Saturday, February 24, 2007

"A horse is a horse, of course, of course..."

"...I am Mister Ed"
As you should know, we here at The Daily Growler read the obits like other people read the comics and we especially are attracted to the obits of those who to us are special Americans but who to you might be listed in the "Who Cares?" column of your interest. Hey, come on, we reported on Lew Burdette's death t'other day--day before yesterday--we don't know; we long ago lost track of time here at the beautiful The Daily Growler high-floor offices in one of the cob-shaped towers of the Corn Palace in Mitchell, South Dakota--that's right, folks, the building our offices are in is made out of corncobs--"Hey, Popeye, we got a corn crib that beats sixty," and we refer to William Faulkner's Popeye and not Popeye the Sailor or Popeye Doyle.

Anyway, we here at The Daily Growler happily/sadly celebrate/mourn the passing of the cat who wrote "Mona Lisa" [Nat "King" Cole's biggie] and "Que Sera Sera," [Doris Day's biggie from Hitchcock's Man Who Knew Too Much, a great one with Jimmy Stewart playing Jimmy Stewart the way Hitchcock wanted him to play Jimmy Stewart and those evil people in that weird London church. That movie gets a fistfuls of Wahooos! from Rex X. Greed, The Daily Growler ecstasy-addicted film and string theory critic and who gallivants around town with the seedily lovely Gracia Maison, the woman in his life he met at a boarding school for amputee equestrians--WOW, she's also the World Record Holder in the one-legged ski jump (a 500-foot straight down splat-landing beauty that brought the crowd to a thunderous standing-on-two-legs ovation though it left her face a bit mucked up) and the one-legged 26-mile marathon (her longstanding and seemingly unbeatable 101 hours and 59 minutes)].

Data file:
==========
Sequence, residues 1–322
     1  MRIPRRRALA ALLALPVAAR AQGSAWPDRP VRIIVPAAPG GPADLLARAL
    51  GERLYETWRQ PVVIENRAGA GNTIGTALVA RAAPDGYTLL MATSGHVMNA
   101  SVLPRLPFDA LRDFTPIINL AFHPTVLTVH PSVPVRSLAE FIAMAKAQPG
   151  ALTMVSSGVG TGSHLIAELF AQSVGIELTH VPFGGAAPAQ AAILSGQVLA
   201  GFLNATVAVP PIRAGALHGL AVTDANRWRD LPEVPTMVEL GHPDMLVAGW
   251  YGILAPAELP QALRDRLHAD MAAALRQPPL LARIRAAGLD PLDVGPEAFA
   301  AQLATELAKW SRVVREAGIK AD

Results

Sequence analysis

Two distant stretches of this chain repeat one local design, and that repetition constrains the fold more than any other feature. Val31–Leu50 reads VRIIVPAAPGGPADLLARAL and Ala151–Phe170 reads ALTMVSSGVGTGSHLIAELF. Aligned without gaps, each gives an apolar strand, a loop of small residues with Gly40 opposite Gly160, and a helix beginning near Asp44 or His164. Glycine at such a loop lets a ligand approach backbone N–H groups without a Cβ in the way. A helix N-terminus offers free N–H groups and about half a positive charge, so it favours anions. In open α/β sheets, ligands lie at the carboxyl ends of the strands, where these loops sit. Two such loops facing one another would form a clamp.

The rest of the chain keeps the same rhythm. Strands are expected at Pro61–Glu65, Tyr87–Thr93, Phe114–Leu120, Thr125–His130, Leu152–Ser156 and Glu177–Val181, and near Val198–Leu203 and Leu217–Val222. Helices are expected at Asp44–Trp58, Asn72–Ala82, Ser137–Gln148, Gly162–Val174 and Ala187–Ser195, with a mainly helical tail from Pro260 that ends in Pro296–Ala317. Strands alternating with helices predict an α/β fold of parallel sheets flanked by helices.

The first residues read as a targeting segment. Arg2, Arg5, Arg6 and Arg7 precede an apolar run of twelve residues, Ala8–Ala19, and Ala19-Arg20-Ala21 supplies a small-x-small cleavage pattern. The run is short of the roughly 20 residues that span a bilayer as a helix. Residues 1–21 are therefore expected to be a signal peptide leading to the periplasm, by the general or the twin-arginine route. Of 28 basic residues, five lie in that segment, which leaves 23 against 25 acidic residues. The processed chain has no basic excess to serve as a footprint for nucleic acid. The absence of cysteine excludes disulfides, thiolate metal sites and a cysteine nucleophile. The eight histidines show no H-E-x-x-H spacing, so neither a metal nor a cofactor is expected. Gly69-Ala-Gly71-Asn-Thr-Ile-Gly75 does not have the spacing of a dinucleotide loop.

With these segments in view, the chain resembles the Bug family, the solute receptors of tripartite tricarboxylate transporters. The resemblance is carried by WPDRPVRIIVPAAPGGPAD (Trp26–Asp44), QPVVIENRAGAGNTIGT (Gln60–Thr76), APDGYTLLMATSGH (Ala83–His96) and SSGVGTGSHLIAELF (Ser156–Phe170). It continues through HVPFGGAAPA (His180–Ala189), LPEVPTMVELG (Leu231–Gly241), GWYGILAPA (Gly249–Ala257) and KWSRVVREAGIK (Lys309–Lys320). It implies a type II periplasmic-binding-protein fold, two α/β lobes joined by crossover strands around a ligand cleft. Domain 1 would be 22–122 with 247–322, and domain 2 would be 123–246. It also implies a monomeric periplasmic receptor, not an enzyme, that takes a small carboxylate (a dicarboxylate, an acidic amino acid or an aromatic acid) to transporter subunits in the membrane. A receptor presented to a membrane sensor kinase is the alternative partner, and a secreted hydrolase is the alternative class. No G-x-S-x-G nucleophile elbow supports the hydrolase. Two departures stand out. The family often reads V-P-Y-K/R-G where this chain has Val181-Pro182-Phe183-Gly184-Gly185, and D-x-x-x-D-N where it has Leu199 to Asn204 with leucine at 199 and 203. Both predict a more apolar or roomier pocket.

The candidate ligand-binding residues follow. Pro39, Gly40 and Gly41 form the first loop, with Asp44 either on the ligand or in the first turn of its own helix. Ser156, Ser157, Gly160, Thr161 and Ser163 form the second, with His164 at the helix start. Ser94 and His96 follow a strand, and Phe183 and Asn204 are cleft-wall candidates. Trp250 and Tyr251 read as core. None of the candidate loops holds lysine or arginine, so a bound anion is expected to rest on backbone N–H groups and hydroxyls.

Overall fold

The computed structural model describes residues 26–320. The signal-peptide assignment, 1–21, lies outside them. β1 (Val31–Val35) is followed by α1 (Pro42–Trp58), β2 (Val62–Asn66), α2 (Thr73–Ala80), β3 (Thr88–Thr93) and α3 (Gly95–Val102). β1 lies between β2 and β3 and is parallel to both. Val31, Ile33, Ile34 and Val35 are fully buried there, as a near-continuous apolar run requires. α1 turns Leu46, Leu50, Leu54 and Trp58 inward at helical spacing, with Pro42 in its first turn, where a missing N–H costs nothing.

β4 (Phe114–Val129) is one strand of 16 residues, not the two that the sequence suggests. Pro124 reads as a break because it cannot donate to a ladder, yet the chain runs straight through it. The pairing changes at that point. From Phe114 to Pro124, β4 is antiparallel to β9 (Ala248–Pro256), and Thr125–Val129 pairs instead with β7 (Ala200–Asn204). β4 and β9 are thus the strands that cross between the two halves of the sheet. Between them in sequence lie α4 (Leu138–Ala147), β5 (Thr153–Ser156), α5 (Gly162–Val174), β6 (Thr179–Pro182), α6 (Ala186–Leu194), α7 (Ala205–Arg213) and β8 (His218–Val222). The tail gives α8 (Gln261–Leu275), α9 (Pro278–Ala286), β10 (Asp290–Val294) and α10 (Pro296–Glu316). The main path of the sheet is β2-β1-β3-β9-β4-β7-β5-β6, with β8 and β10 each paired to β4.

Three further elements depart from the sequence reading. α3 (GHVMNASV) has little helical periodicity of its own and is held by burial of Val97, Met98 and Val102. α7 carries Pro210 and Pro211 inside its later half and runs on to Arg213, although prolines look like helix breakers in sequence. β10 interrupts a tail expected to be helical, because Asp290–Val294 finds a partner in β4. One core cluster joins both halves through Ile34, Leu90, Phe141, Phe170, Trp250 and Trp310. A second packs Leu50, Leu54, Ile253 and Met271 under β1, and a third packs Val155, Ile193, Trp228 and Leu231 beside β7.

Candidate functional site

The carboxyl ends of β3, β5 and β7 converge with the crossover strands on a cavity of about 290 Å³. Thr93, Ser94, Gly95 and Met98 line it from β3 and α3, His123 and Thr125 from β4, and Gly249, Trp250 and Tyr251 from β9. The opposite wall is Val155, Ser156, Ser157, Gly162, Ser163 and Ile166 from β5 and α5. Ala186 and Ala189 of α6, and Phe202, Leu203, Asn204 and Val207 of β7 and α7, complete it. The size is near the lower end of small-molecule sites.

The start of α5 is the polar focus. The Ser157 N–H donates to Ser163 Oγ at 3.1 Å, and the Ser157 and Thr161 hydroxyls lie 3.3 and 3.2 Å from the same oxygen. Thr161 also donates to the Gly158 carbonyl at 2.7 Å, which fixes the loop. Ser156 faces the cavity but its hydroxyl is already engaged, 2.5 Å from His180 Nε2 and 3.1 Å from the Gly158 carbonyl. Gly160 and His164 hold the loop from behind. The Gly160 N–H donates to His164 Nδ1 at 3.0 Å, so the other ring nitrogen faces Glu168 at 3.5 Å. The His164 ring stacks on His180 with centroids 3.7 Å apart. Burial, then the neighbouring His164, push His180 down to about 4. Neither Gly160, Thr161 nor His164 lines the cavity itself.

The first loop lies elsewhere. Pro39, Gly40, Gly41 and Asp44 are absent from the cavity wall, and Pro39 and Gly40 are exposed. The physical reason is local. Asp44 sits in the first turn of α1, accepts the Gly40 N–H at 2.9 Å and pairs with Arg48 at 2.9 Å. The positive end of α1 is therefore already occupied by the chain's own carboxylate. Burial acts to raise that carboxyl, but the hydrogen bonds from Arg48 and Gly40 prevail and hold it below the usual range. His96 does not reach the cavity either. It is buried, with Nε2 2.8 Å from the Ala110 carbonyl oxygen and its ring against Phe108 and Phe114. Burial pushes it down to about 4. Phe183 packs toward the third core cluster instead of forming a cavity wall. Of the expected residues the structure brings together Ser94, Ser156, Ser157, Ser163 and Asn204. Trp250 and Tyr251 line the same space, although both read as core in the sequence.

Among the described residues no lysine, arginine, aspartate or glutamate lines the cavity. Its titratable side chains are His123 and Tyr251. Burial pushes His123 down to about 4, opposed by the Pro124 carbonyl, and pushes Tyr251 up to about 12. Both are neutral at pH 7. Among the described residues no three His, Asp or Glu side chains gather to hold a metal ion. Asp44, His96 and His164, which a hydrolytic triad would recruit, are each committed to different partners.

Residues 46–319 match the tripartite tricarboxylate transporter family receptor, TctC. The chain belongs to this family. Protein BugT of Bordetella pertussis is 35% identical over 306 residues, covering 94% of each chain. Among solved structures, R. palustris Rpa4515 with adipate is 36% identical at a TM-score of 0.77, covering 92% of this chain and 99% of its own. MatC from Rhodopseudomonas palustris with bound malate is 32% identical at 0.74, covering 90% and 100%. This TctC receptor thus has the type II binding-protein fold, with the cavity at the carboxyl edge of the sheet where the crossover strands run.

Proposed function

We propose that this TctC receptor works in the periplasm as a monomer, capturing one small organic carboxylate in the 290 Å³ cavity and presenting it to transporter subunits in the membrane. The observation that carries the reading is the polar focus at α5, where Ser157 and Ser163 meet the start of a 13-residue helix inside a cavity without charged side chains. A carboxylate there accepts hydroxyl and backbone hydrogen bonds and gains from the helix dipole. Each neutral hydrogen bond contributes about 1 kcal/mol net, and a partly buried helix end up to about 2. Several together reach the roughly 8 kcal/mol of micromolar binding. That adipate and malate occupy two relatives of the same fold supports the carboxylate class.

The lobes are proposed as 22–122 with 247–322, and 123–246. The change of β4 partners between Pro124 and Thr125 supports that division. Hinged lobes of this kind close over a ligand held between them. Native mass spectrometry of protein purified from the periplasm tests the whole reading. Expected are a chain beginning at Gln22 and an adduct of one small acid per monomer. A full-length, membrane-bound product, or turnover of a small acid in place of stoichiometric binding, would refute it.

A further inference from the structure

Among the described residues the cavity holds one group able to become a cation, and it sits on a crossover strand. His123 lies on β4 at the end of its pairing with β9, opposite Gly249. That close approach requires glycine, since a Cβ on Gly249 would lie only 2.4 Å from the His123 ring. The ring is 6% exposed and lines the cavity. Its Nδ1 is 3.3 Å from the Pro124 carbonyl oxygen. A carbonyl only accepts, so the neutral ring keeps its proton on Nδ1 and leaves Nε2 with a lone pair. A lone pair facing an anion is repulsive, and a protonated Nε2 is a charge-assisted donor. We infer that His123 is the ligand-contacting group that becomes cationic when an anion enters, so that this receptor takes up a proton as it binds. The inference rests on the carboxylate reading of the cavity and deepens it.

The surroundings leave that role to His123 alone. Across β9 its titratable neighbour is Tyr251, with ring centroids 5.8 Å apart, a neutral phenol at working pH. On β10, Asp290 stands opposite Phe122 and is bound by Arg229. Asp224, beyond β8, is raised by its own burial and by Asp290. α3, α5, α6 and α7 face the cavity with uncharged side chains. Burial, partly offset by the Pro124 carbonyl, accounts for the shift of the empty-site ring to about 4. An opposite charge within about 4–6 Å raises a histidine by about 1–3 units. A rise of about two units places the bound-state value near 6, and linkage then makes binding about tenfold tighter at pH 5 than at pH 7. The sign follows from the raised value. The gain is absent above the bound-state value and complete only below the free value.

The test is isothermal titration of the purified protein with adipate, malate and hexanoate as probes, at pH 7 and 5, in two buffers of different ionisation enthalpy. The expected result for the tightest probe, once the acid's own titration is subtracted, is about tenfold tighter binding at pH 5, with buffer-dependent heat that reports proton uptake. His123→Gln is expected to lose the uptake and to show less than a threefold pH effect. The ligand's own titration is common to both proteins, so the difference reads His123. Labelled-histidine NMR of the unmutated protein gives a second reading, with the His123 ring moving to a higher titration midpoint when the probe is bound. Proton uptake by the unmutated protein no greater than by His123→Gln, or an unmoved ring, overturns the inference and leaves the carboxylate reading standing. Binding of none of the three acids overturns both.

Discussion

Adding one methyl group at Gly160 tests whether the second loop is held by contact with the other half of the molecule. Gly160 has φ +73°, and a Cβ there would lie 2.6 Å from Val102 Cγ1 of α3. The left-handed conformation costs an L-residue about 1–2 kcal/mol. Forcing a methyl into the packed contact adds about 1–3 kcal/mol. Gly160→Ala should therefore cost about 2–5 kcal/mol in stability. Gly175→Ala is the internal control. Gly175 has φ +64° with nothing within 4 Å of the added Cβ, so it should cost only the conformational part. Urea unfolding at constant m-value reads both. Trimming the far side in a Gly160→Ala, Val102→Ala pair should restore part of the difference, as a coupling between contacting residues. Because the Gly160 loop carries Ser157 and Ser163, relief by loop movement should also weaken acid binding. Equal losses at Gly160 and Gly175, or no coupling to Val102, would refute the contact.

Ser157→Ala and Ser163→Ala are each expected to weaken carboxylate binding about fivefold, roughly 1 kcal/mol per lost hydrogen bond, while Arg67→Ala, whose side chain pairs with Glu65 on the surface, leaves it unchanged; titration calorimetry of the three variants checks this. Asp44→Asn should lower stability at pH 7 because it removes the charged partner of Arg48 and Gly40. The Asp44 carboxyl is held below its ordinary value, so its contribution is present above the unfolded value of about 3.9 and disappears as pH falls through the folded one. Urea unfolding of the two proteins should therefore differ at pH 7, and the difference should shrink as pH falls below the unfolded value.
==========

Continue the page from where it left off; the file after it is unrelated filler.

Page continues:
Jeez, like thegrowlingwolf , we drift easily off the subject-- and the subject is Ray Evans--and onto an inane sideslope--but, hey, hey, hey, this dude also wrote the theme to Bonanza--Wow, come on, that's one of the great ones--but, also, dig this, this dude wrote the "Mr. Ed" theme song; that's right, the one sung by Mr. Ed himself on that old pre-digital teevee show. Here's his obit:

Oscar-winning songwriter of "Mona Lisa" dead at 92

Ray Evans died late Thursday, February 15, of heart failure at a Los Angeles hospital. Lyricist Evans collaborated with melody writer Jay Livingston for more than six decades, earning seven Academy Award nominations and winning three—in 1948 for "Buttons and Bows" in the film The Paleface, in 1950 for "Mona Lisa" in the movie Captain Carey, USA, and in 1956 for "Whatever Will Be, Will Be (Que Sera, Sera)" from The Man Who Knew Too Much. The duo wrote songs for dozens of movies and two Broadway musicals, as well as the theme songs for Bonanza and Mister Ed, and the Christmas standard "Silver Bells." Evans changed the title of his most-beloved creation from "Prima Donna" to "Mona Lisa" on the advice of his art-loving wife, Wyn. Jay Livingston died in 2001 at age 86. Ray Evans was 92.

Sources: Yahoo! News,

It seems thegrowlingwolf is taking the day off...Way Off!

Watch out! Kids gangs are recruiting on the Internet. Such bullshit.

for The Daily Growler

Why Don't We the People Merge?
Check this merger out--what bullshit:

Why would General Motors (NYSE: GM) consider buying DaimlerChrysler AG's (NYSE:DCX) Chrysler unit? Is GM lacking scale? Has anyone accused it of not being big enough or broad enough? Hasn't it already acquired many brands over the years and still run up against superior Japanese and German manufacturers? Will acquiring Chrysler help rebuild its own brand? Does GM need Chrysler? The obvious answer is no, it does not.

What GM needs is better car design, improved and more uniform quality control, sharper focus, better vision, more efficiency, streamlined management structure and less overhead burden. How does Chrysler solve any of these problems? It doesn't!

GM has spent the last year addressing many of these issues and its stock performance has reflected this, as the best performer among the Dow Industrials. It should continue to refine the company in this manner and not deliberately go out looking for new and unwarranted challenges. If Daimler is selling, GM should not be buying!


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